Origin of wold1
Examples from the Web for wolds
Historical Examples of wolds
The low hills were not yet cleared, nor the fens and the wolds trimmed and enclosed.Oxford
Such a cry will often haunt the moors and wolds from above at nightfall.Beauchamp's Career, Complete
Out on the wolds Diggon and the peddler had built a fire to warm a new-born lamb.
The heather was not in blossom, but the breath of spring sweetened the wolds.
I did not see the fens of Lincolnshire nor the wolds of York.Fresh Fields
Word Origin for wold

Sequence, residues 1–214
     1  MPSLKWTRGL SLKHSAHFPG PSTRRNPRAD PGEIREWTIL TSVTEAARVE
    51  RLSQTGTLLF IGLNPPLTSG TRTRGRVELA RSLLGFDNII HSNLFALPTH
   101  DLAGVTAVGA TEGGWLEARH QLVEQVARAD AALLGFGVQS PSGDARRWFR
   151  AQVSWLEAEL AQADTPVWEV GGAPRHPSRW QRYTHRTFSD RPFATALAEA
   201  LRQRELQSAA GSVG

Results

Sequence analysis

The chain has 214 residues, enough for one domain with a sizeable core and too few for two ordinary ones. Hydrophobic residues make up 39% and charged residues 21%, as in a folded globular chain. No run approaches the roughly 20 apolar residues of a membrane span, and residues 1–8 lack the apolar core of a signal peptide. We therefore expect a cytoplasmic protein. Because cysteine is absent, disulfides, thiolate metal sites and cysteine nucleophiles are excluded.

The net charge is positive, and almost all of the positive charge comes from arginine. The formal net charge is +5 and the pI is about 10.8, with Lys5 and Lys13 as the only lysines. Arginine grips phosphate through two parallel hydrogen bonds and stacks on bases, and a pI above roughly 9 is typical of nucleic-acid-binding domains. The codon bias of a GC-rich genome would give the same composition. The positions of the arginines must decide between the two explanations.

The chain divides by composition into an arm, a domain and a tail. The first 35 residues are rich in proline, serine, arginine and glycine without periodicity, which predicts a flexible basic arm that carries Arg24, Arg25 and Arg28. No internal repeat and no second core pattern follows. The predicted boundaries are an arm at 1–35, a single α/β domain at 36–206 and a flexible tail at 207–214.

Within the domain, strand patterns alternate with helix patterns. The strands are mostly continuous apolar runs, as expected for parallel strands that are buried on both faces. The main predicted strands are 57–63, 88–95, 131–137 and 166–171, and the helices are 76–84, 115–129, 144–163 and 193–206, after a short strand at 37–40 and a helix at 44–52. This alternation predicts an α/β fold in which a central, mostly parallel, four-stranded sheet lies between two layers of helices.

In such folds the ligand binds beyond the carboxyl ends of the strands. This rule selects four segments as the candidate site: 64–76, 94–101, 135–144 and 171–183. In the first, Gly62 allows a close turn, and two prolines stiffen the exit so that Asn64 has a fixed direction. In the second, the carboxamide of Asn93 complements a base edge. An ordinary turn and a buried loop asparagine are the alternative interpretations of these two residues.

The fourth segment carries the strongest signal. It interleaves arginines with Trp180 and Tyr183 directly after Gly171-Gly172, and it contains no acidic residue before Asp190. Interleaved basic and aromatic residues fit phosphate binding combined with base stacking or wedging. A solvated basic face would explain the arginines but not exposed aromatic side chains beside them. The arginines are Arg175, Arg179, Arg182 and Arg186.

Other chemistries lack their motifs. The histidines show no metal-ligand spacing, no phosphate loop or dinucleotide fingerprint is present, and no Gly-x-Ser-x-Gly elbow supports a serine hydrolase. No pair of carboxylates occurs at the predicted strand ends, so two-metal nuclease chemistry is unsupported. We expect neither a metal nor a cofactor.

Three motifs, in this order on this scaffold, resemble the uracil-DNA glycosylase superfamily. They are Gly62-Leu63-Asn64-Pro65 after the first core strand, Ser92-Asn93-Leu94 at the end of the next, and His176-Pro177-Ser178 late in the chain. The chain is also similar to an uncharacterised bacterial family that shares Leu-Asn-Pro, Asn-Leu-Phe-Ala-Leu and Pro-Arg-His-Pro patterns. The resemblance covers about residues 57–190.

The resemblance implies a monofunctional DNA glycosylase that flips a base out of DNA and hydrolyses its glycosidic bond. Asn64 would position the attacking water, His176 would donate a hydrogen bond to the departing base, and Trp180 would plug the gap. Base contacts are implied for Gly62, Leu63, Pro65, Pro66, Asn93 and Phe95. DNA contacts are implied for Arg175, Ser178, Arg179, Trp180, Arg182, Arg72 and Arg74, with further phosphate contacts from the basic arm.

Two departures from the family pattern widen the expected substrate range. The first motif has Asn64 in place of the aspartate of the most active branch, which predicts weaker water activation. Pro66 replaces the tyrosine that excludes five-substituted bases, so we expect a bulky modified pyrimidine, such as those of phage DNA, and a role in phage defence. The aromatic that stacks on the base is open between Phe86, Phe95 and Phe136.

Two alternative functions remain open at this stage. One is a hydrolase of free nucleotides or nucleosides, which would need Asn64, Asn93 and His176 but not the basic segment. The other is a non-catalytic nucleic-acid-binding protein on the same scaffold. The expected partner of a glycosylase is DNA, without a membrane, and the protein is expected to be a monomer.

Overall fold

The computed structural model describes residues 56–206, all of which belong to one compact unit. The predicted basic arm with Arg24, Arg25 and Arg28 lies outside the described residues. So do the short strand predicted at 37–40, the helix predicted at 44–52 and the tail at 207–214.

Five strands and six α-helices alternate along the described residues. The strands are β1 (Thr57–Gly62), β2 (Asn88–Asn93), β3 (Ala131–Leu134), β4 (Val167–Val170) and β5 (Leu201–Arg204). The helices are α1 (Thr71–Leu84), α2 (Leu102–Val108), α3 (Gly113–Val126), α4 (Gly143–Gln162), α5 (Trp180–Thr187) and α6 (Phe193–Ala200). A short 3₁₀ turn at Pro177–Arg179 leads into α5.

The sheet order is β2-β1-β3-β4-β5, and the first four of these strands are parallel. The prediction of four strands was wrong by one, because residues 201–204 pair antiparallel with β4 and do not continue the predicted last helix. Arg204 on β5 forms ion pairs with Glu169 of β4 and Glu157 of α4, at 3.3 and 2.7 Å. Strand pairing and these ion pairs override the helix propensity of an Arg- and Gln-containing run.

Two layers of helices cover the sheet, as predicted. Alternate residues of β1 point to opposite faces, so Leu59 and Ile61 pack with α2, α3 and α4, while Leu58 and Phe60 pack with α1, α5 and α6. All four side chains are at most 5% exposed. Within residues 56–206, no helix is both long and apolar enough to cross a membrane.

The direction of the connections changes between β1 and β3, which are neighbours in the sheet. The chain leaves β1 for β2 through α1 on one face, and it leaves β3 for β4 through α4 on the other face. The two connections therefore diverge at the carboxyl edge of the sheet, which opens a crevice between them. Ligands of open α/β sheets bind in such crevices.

Old English wald (Anglian), weald (West Saxon, Kentish) "forest, wooded upland," from Proto-Germanic *walthuz (cf. Old Saxon and Old Frisian wald, Middle Dutch wold, Dutch woud, Old High German wald, German Wald "forest," Swedish vall "pasture," Old Norse völlr "soil, field, meadow"); perhaps connected to wild. The sense development from "forested upland" to "rolling open country" (c.1200) perhaps is from Scandinavian influence, or a testimony to the historical deforestation of Britain. Not current since mid-16c.; survives mainly in place names (cf. Cotswold).